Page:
1) The ‘advanced’ classes were nothing of the sort and only dubbed that way to stroke the ego’s of parents and some students.
2) You did not appreciate the challenge of the advanced classes and were content getting “easy A’s” in the mainstream classes.
3) You were on the borderline between ‘average’ and ‘advanced’

Of these problems number three is by far the murkiest, if that is for the sake of discussion the best answer it immediately raises several questions: “Could you have done better if you stuck to books and not sports?”, “Should students be enrolled in ‘advanced’ classes on a course by course level and not on an all or nothing basis?”, “Were you really motivated to be there, and did you understand enough of what being a part of those classes could mean to your future?” the list goes on and on, and varies quite widely from student to student. I for example excelled at English, history, and science but struggled with math classes, my brother was just the opposite, he did wonderful in math and hated English and history. There are differences including how people learn: visual, auditory and the other variations, that effect the outcome of how much people learn more than simple “IQ” explains.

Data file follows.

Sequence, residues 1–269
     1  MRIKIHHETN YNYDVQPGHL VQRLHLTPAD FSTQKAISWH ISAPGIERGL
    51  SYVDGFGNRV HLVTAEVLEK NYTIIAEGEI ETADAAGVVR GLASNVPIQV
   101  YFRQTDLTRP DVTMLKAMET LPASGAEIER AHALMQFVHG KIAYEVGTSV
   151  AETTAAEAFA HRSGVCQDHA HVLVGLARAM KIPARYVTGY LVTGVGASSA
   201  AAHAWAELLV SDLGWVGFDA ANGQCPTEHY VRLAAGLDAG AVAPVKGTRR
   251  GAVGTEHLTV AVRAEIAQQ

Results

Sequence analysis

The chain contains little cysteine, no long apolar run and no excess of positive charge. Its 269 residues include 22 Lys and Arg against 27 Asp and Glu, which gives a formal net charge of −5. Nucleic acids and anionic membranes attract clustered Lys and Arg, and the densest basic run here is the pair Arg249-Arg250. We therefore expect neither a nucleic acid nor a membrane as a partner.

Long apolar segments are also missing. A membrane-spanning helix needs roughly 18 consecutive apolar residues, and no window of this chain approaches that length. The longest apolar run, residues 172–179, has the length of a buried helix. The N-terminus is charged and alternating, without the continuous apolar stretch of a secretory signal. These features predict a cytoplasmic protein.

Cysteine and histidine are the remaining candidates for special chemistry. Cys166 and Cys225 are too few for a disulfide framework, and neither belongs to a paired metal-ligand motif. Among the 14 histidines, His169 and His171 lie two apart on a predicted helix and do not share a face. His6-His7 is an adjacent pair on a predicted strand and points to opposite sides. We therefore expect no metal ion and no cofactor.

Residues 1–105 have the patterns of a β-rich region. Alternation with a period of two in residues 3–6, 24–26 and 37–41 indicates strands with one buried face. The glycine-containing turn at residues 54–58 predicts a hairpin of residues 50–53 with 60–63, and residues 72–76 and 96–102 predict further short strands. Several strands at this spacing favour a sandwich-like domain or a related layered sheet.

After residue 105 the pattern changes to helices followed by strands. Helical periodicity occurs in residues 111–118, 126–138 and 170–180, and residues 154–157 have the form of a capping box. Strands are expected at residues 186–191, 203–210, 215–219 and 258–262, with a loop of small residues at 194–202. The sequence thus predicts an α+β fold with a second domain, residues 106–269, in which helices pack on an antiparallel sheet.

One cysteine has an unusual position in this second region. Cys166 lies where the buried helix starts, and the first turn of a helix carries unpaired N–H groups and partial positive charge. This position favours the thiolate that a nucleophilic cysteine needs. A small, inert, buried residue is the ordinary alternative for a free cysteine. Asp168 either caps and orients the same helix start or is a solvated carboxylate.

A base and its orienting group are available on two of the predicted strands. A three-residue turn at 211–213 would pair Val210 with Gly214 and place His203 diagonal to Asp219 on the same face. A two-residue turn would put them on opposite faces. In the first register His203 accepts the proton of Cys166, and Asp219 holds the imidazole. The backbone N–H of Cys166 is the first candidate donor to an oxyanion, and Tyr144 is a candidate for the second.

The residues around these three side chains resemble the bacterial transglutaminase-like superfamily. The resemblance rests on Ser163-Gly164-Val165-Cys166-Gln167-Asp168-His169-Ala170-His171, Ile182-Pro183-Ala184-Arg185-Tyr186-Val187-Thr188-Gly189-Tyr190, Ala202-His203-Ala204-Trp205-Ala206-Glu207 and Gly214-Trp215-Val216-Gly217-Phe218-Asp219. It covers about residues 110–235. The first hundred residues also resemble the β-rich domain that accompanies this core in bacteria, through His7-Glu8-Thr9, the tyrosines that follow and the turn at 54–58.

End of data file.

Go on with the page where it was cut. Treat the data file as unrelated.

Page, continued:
Tom's responce to TCL

The only way to fix this problem is to create a societal situation where the consequences of having more children than you can support (from both the male and female prespective, of course) are unacceptable. How do we do that, you ask? We first warn everyone that we're about to take some drastic action. Then we give them a chance to shape up with continued warnings. Then, we follow through with our drastic action, namely we stop supporting them beyond what we are already giving away.